Moth Balls - A Homeowners GuideFarmercarlos at en.wikipedia), Public domain, via Wikimedia Commons
Moth balls were a go-to choice for deterring moths from getting into the home and destroying clothing. However, if you’re considering purchasing old fashioned naphthalene moth balls, there’s cause for pause. There are many dangers associated with naphthalene moth balls, which is why many countries, such as the UK, Australia, New Zealand, and the whole of Europe have banned the sale of the chemical.
What are Moth Balls?
If you’ve never come across a moth ball before, at first you may be confused by these pungent white discs or spheres in a drawer or wardrobe. These balls are made out of pure chemical pesticides—either naphthalene or paradichlorobenzene.
Moth balls release a gas over time that deters adult moths from your clothes storage areas, as well as killing any moths, larvae and eggs in that area.
How to Use Moth Balls Correctly
The best answer is simply to avoid using chemical moth balls altogether. If you’re in a part of the world where they’re banned you’ll have no other option than to use a mothball alternative.
Most people don’t even realize that the use of moth balls is dangerous to their health.
That is why you should always wear gloves if you do decide to use these old fashioned moth balls, since the chemicals can cause a dermal reaction. Secondly, moth balls are most effective if they, and the clothes you are protecting, are placed in an airtight container along with them. This way the fumes will protect the clothing from moths while in storage.
Of course, moth balls can also be placed around clothes storage areas, closets and drawers and left for their vapors to dissipate.
Once you’re ready to take your clothing out of storage, bring the container outside and air out the clothes thoroughly - it can be tough to get rid of a mothball smell. Again, you might want to wear gloves and a face mask while handling the clothes.
After a day or so of airing out the clothes, you must then wash them to remove the chemicals.
It’s a bunch of hard work to use mothballs - so avoid them!
Naphthalene Moth Balls – Are They Safe?
No! Naphthalene moth balls are not safe and we strongly recommend against purchasing or handling them when dealing with moth infestation.
That’s the big problem with moth balls—they contain dangerous chemicals that can make you and your family very ill. Naphthalene moth balls as their name suggests contain naphthalene, which is derived from petroleum or coal tar.
Individuals exposed to naphthalene vapors have experienced breathing difficulties, headaches, dizziness, nausea, and some may even develop hemolytic anemia. Furthermore, skin irritation is common. Children and pets are also vulnerable to naphthalene poisoning. Children with medical conditions may also develop kidney damage, anemia, and jaundice. Moreover, the naphthalene moth balls are highly carcinogenic and flammable.
In short, the answer is no, naphthalene moth balls are not safe. This is why MothDefense does not sell naphthalene moth balls, as we care about the safety of our customers and their families.
Alternatives to Old Fashioned Moth Balls
How do you deter moth larvae from eating natural fibers and woolen clothing if you can’t use moth balls? The good news is that there are plenty of alternatives to naphthalene moth balls out there. You can, for example, use natural deterrents, such as cedar blocks and chips, lavender sachets, or a sprinkle of rosemary, thyme, lemongrass, neem and cloves to keep moths at bay.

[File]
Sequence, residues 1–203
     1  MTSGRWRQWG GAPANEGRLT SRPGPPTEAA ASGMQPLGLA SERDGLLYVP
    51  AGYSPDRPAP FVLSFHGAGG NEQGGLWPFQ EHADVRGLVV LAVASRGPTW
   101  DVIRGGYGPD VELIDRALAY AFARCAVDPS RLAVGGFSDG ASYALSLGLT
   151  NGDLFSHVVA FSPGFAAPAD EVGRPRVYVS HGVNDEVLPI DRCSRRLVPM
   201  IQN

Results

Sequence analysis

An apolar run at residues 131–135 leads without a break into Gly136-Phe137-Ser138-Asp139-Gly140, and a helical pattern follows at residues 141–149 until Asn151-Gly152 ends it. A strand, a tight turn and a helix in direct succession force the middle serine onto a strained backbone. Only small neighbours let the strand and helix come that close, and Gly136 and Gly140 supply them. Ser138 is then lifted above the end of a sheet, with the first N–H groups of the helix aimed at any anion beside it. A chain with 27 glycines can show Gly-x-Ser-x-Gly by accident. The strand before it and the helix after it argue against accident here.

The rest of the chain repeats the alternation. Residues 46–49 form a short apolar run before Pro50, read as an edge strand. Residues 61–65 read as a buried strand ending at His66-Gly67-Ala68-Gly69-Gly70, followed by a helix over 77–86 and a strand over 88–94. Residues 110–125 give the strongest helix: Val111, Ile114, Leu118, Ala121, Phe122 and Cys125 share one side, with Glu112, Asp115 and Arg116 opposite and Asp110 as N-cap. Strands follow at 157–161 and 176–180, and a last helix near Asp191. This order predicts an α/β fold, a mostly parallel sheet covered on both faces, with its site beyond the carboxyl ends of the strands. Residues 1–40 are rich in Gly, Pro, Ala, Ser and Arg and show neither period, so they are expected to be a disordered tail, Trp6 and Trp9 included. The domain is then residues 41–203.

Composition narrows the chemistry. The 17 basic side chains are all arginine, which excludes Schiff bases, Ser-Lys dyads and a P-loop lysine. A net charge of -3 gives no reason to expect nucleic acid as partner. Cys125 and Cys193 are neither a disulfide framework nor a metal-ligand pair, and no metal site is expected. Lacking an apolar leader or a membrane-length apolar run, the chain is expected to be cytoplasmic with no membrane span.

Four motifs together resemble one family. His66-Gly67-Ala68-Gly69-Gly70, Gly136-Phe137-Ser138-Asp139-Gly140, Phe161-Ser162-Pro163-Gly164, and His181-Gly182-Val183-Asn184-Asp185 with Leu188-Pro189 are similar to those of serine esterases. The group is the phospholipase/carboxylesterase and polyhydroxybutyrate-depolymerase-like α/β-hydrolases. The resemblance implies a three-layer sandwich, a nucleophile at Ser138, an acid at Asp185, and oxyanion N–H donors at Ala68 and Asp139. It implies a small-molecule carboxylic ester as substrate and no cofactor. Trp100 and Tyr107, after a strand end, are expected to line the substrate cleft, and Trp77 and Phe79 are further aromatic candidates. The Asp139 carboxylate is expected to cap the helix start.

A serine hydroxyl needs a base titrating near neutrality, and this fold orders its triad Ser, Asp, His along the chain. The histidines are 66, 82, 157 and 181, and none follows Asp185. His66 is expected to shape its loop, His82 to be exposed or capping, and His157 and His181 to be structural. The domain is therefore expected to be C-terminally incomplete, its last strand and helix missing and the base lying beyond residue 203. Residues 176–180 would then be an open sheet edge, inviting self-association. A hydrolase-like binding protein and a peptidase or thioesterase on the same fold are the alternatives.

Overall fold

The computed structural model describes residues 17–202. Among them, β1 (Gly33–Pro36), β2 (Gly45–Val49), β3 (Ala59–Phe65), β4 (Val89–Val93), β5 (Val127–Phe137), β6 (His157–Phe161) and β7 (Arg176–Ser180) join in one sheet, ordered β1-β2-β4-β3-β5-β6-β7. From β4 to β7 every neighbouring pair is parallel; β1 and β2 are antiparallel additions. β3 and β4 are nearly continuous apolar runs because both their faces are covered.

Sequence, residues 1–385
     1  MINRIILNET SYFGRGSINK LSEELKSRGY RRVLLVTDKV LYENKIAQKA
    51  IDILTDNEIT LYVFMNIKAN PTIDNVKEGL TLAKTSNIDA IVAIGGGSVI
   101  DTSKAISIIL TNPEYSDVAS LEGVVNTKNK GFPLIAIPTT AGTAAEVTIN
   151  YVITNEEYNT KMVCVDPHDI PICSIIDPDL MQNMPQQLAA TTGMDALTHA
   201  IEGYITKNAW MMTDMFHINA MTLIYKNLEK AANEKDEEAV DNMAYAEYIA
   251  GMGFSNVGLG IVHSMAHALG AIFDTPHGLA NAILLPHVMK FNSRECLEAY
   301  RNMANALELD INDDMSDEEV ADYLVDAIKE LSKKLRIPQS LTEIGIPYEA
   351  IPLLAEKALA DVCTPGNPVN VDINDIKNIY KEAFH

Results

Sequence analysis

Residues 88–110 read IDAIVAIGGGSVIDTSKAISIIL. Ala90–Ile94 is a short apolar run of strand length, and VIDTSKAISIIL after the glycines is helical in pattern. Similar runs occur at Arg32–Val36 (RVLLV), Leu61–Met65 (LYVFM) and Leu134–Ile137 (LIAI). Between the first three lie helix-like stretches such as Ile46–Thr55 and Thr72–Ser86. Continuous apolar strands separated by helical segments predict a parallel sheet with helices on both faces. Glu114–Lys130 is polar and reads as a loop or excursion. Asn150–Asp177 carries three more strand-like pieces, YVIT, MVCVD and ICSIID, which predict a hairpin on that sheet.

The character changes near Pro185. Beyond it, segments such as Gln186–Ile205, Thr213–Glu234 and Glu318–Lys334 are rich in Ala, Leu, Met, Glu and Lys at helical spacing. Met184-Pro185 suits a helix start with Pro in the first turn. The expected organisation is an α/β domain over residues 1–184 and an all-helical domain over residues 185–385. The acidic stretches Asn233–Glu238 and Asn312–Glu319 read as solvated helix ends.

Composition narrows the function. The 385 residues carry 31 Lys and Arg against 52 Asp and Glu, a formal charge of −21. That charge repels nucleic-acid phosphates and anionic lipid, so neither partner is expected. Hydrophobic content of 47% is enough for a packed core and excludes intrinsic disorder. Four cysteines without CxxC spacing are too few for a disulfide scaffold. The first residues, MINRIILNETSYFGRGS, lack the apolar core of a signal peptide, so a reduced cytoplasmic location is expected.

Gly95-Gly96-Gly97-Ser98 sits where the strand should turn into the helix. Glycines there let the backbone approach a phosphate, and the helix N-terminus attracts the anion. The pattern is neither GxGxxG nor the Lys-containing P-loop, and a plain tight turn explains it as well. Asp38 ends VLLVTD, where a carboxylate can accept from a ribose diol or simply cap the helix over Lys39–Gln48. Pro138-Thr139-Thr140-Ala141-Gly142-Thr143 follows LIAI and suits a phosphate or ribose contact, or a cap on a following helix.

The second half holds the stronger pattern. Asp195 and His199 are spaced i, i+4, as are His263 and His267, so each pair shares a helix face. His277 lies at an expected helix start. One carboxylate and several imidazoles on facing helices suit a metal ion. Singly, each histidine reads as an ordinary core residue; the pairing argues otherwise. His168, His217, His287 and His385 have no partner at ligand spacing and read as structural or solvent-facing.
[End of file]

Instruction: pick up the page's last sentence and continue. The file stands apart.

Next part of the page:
See our full guide to Moth Ball Alternatives by clicking right here.
These are just deterrents, however, and will not be effective with the removal of adult moths, larvae, and their eggs.
If you want complete protection, we recommend:
- MothDefense Clothes Moth Trap: Using pheromones to attract male Clothes Moths, these sticky traps prevent male moths from mating with females. Moth traps are also excellent for monitoring the extent of the moth population in your home.
For information on eliminating larger infestations in your home, you may like to read our Clothes Moth Kit Guide, which gives you guidance about using chemical products in line with our Traps.
Say No to Moth Balls
Old fashioned naphthalene moth balls are not safe, nor are ones made out of paradichlorobenzene. Stay away from moth balls and choose non-toxic alternatives, such as lavender and cedar sprays, or pheromone Moth Traps from MothDefense. The alternatives are safer and more effective at controlling moths.
Do all moth balls have naphthalene?
No, not all moth balls have naphthalene in them. Another common ingredient added to moth balls is paradichlorobenzene, which is also a dangerous pesticide. It’s best to stay away from moth balls entirely.
Do moth balls have different levels of naphthalene?
No, moth balls in the US have high concentrations of either naphthalene or paradichlorobenzene—nearly 100% of the active ingredient. This means that all moth balls sold generally have the same amount of pesticides in them. There is no such thing as a safe amount of naphthalene.
Is smelling naphthalene balls harmful?
Yes, naphthalene is a very dangerous chemical that can cause dermal and respiratory distress in adults and children.
Why are moth balls banned?
In the US, old fashioned naphthalene moth balls are still sold. However, the EU EPA banned moth balls containing naphthalene in 2008. Australia and New Zealand have also banned moth balls. That said, using moth balls in any way other than described in the instructions is illegal in the US.